Single use vials. After the needle pierces the seal the vial is no longer sterile. It also makes it easier to get wide distribution of an individual vaccine batch. That way neighbors can't compare notes when a batch goes bad and there are side effects.

Go and watch some videos. There are plenty.

A sealed vial comes LAST. There is a ton of work that must be done ahead of that. Nearly all of it automated handling, and OPEN tubes mostly.

Their ENVIRONMENT is what is "sealed".
 

jz79

Member
Single use vials. After the needle pierces the seal the vial is no longer sterile. It also makes it easier to get wide distribution of an individual vaccine batch. That way neighbors can't compare notes when a batch goes bad and there are side effects.

you're thinking of something else, this is aprox 30ml bottle with rubber cork, aluminum ring holds the rubber cork in, you take a sterile syringe, push the needle through the rubber and draw some liquid, take next sterile syringe and repeat till the bottle is empty, used needle never enters the rubber/bottle, zero chance of contamination basically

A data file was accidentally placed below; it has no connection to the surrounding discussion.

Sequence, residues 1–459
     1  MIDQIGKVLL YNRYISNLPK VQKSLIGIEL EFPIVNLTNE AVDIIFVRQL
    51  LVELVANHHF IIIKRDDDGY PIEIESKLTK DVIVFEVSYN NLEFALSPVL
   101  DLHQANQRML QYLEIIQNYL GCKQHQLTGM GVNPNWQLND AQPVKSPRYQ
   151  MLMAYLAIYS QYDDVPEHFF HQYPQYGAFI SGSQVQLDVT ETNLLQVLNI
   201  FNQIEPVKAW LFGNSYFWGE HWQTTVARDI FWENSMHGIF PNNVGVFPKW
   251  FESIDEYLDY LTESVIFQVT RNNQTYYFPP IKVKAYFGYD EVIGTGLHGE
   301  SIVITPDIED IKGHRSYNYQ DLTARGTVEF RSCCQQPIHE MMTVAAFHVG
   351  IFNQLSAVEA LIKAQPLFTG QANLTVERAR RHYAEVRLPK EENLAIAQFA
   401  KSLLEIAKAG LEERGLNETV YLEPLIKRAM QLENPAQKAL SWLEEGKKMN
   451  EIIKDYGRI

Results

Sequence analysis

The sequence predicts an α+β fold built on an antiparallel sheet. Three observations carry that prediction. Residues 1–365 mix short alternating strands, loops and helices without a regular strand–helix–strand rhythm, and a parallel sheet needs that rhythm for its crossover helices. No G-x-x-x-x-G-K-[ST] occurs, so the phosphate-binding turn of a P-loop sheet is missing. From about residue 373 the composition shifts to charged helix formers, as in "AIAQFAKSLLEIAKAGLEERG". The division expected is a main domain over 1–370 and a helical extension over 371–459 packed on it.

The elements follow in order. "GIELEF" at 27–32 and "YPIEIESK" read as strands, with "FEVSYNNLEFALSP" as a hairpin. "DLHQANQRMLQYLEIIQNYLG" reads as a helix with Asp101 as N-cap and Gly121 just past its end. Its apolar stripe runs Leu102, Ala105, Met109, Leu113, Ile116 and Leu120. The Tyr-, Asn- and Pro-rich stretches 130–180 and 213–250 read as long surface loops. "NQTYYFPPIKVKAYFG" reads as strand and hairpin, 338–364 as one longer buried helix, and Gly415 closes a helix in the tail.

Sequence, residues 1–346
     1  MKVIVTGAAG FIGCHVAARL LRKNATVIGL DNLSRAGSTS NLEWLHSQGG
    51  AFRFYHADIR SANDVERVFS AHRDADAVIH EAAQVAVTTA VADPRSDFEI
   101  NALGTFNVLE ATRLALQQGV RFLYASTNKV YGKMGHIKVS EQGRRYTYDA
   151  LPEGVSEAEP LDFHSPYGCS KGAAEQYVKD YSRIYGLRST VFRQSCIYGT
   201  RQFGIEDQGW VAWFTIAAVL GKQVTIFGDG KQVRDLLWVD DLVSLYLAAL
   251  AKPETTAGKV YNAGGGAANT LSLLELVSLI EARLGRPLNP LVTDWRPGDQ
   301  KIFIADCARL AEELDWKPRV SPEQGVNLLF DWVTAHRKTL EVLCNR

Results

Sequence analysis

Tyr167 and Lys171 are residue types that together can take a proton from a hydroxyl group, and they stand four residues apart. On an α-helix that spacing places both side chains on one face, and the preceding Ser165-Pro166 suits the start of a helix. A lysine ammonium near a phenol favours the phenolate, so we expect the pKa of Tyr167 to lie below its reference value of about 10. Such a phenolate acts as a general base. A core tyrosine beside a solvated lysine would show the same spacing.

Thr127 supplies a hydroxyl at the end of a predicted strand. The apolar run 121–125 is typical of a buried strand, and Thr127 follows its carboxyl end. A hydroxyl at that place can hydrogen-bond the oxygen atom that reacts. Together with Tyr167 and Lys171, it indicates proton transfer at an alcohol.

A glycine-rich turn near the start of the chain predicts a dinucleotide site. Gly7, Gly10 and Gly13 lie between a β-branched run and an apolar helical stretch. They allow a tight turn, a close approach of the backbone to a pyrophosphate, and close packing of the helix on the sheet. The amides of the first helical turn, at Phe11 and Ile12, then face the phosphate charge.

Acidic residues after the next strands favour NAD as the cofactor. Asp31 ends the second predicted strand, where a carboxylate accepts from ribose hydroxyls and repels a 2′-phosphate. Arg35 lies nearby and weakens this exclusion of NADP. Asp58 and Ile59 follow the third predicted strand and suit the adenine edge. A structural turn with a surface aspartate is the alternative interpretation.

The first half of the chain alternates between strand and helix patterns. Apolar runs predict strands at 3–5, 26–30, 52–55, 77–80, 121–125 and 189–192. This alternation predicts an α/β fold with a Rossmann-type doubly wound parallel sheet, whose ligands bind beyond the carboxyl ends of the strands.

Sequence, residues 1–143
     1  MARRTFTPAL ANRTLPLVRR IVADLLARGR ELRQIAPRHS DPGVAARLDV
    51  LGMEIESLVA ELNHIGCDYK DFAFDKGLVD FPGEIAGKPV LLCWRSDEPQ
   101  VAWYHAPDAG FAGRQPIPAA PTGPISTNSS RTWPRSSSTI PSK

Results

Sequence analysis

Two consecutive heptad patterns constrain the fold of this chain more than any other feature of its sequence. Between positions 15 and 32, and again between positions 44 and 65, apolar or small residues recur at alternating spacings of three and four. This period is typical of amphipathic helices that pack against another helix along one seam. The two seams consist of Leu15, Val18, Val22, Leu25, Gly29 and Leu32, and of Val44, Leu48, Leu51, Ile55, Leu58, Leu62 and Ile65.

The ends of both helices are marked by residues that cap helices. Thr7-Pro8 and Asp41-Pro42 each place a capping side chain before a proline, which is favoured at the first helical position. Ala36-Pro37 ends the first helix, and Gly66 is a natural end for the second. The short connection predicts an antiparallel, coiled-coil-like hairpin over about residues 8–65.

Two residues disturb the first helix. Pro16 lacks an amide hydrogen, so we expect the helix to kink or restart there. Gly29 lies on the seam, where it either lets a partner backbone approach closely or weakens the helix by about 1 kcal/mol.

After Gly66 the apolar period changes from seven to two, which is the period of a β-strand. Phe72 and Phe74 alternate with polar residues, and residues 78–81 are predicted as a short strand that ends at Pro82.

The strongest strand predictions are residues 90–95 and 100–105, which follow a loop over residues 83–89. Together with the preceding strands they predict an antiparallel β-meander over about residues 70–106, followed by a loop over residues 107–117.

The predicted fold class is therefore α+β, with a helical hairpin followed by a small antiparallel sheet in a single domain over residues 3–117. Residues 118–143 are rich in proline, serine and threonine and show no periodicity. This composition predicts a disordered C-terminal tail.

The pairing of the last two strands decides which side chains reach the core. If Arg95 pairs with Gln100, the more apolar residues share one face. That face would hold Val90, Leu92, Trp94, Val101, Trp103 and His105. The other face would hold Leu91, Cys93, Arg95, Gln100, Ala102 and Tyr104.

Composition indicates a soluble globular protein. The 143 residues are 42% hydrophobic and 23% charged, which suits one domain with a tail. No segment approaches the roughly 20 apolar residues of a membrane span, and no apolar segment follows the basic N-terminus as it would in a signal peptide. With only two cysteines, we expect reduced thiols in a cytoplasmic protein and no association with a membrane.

and the thing is - it is going to take a while to get everyone vaccinated, so you simply gather the bottles, return them to the company that bottles the vaccine and they can wash, sterilize and refill them, the same line should sterilize even new bottles, so there is not a lot of work involved into reusing these bottles, and glassware and other multiple use instruments are reused every day in research and hospitals anyway, it would a complete nonsense to not reuse these IF the raw material issue is actually real

again - I'm 99,99% convinced this is some misinterpretation of something that was told by media, just to keep the fear going

and of course someone may invent some reasons why this particular vaccine somehow needs one time use glass bottle made from a dwindling supply of sand, greed knows no bounds with this thing, just look back and how they tried to fudge the research data regarding the effectiveness of cheap drugs to fight this thing - that was clearly NOT done by the media, and media utterly failed to do some actual investigative journalism and find out who was behind this and why
 

Mebfab

Moderator
That was clearly NOT done by the media, and media utterly failed to do some actual investigative journalism and find out who was behind this and why

I am not trying to stir the pot, but I am pretty sure TV journalists have forgotten how to investigate. Some of the newspapers seem able to do it sometimes but nobody reads them anymore.